The TV offers a practical set of connections: Two Scart sockets (both RGB capable, one S-Video capable) should be enough to accommodate older devices such as a VHS recorder or DVD player. The two HDMI inputs on the back of the TV fall short of luxury, but will probably suffice in many cases.
A flap on the front of the TV conceals a third HDMI input, along with a camcorder connections panel offering a Mini-DIN socket for S-Video signals and a cinch input for composite video signals. Here you’ll also find the SD-card slot and a 3.5-millimeter-jack headphone output.
The remote control and on-screen menu are identical for all TV sizes in the G 10 series, so our observations of the 42-inch version should also apply to the TX-P 46 G 10. Although a little on the heavy side, the remote control sits comfortably in the user’s hand. The buttons are, for the most part, clearly laid out, and the most-used buttons – for volume and channel changing – are sufficiently large.
One small trip-up relates to the positioning of the “N” button, which returns all picture settings to their factory values. The button is immediately beside the menu button, so it’s possible to press it by mistake.
The simply laid out on-screen menu is clearly legible, and even inexperienced users will easily keep track of where they are. The channel search sorts the channels into the normal order for the user’s country.
Design / Model Variants
The TX-P 46 G 10 only comes in black.
Panasonic gives instructions for wall-mounting the TV using an optional tilting bracket, the TY-WK 4 P 1 RW, but doesn’t list the product on its UK website. Display-mounting manufacturer dekomount offers a universal tilting bracket (DM102, 39 GBP) that claims to fit the TX-P 46 G10.
Alternative models: A brief comparison
LG 47 LH 5000
This rival not only differs from the TX-P 46 G 10 with a one-inch (2.54-centimeter) bigger screen diagonal. LG also strides ahead with picture technology, beginning with 200-Hertz technology. This is supposed to provide accurate moving pictures with clearly defined edges – particularly important in sports broadcasts, of course.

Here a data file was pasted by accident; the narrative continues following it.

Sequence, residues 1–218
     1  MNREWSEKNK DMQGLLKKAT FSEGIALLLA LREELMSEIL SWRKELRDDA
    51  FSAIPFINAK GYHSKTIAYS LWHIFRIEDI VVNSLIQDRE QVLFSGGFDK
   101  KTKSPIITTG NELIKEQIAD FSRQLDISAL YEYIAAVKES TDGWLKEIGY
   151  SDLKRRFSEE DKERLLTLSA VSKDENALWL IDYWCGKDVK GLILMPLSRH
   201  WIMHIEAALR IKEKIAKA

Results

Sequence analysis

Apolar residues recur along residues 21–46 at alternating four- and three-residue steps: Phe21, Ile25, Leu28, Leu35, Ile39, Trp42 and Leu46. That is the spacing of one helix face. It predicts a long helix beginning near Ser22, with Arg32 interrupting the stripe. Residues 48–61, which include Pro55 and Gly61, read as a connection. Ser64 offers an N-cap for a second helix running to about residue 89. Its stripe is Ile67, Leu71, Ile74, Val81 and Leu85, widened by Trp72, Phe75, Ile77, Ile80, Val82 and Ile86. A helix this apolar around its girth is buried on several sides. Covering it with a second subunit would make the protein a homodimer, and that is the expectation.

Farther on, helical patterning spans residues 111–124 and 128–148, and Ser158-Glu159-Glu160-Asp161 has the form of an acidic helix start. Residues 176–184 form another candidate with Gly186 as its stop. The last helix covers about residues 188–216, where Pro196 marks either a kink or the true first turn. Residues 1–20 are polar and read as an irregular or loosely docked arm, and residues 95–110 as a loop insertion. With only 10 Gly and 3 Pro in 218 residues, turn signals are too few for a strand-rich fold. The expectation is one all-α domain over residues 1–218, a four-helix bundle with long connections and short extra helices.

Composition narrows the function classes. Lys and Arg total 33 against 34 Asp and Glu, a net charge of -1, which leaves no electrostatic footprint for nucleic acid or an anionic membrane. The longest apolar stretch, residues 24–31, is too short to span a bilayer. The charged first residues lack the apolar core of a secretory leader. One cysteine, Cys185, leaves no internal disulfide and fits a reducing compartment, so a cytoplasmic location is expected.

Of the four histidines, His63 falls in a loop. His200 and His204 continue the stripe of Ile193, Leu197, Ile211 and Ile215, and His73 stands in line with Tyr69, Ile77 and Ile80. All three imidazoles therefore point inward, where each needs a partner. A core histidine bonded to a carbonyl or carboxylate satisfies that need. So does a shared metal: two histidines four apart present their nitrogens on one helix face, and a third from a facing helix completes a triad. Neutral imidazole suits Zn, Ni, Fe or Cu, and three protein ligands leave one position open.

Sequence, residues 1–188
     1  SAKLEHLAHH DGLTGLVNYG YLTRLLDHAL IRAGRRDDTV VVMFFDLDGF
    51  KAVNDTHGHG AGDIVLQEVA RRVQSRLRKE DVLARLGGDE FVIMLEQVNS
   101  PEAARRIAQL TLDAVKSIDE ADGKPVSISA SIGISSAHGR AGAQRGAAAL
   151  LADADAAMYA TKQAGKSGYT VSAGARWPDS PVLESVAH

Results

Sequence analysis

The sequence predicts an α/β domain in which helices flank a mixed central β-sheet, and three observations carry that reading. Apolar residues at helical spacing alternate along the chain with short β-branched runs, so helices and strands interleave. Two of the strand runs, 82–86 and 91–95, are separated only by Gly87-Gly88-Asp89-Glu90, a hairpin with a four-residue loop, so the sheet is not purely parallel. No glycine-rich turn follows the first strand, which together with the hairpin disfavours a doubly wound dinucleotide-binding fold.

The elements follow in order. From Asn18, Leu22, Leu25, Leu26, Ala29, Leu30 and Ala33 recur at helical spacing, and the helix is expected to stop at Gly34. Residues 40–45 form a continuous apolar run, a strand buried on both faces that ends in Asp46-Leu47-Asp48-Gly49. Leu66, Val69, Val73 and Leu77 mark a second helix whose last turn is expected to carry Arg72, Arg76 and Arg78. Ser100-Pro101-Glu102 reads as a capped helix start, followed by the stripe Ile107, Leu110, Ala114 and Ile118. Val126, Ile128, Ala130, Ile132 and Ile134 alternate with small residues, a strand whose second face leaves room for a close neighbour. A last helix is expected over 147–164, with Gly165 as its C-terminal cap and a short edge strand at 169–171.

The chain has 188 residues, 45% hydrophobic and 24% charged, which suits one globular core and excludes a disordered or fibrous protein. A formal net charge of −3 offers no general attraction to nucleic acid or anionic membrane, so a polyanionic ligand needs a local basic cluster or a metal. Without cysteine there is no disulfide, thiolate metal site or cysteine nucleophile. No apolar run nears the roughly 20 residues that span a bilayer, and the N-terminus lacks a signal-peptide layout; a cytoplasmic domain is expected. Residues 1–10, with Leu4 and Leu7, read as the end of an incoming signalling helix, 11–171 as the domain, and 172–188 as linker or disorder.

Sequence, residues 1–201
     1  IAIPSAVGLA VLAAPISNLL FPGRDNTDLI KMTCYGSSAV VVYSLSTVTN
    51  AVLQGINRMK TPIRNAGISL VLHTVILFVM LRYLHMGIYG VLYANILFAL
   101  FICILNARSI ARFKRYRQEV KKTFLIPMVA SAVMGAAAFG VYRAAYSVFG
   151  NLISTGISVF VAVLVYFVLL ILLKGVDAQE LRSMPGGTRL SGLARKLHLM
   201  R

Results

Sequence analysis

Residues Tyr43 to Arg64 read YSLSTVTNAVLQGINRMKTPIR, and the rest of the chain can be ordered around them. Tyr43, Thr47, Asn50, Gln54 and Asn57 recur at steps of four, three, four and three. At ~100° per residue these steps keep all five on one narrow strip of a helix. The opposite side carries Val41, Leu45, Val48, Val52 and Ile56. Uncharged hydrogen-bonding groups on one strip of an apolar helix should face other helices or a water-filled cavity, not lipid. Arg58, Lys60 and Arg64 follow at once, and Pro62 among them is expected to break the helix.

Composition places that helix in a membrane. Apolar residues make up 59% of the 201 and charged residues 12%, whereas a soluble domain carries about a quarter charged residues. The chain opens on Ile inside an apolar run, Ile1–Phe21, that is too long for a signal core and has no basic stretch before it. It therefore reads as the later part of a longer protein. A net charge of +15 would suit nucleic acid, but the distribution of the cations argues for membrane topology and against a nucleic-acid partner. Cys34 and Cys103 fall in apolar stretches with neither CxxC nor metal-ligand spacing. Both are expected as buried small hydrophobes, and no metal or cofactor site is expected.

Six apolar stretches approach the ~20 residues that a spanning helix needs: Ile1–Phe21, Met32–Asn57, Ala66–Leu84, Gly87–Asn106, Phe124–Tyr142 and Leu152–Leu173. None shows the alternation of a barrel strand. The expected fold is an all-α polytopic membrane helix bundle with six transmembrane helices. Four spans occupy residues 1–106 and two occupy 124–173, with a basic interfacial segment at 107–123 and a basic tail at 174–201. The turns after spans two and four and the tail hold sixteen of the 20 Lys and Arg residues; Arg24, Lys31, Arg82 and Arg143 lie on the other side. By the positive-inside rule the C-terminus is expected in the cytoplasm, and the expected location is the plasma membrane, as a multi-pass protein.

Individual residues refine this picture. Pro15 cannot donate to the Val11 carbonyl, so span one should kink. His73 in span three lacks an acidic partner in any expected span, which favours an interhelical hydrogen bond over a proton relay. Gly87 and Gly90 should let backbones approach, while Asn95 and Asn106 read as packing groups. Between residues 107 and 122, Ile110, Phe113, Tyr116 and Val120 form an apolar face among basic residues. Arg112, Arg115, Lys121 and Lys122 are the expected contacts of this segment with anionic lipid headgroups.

The 47 LH 5000 also tempts with some tasty multimedia extras: DivX-format videos will even play back from USB storage devices – and in HD resolution, according to the manufacturer. The built-in tuners receive digital signals, but only DVB-T – this, too, in high-definition where such broadcasts exist. Apart from that, this Korean TV will only accept analog cable signals; if you want to watch digital cable or satellite signals, you’ll need an additional set-top box.
In terms of PC networks, the LG and Panasonic are level – the LG can’t connect to computer networks either – but the LG’s connectivity is still anything but sparse: With four HDMI inputs, the LG offers one more than the Panasonic, but the two Scart sockets mean the Korean and Japanese rivals are once again equally matched.
The 47 LH 5000 will not, however, accept S-Video signals – neither by Scart nor via the side-mounted AV input – so this TV can’t get the best quality playback out of older camcorders. LG has also neglected to fit a headphone socket.
Philips 47 PFL 7403 D
The 47 PFL 7403 D is also one inch (2.54 centimeters) bigger than the Panasonic TX-P 46 G 10. This Philips from the 2008 model-year only has tuners for analog cable and digital terrestrial (DVB-T) TV. The eye-catching, sturdy frame is more than just a design feature – it houses a cunning sound system that claims to sound much better than the thin whining of most flat-panel TVs. Televisions.com has already tested a number of models that are related to the 47 PFL 7403 D, and can indeed testify to their above-average, if a little diffuse, sound.
Philips has tried to pep up the picture impression with its Pixel Plus 3 HD technology, so the image should appear crisper. Of course, it’s not technically possible to conjure up fine details that aren’t present in the original picture, but a TV can convey a greater subjective impression of detail.
Furthermore, the “HD Natural Motion” system aims to make moving pictures look fluid and sharp. The 7403 D can use Dolby Virtual technology to produce virtual surround sound from Dolby-Surround-encoded movie soundtracks. In our experience, however, this is never particularly effective.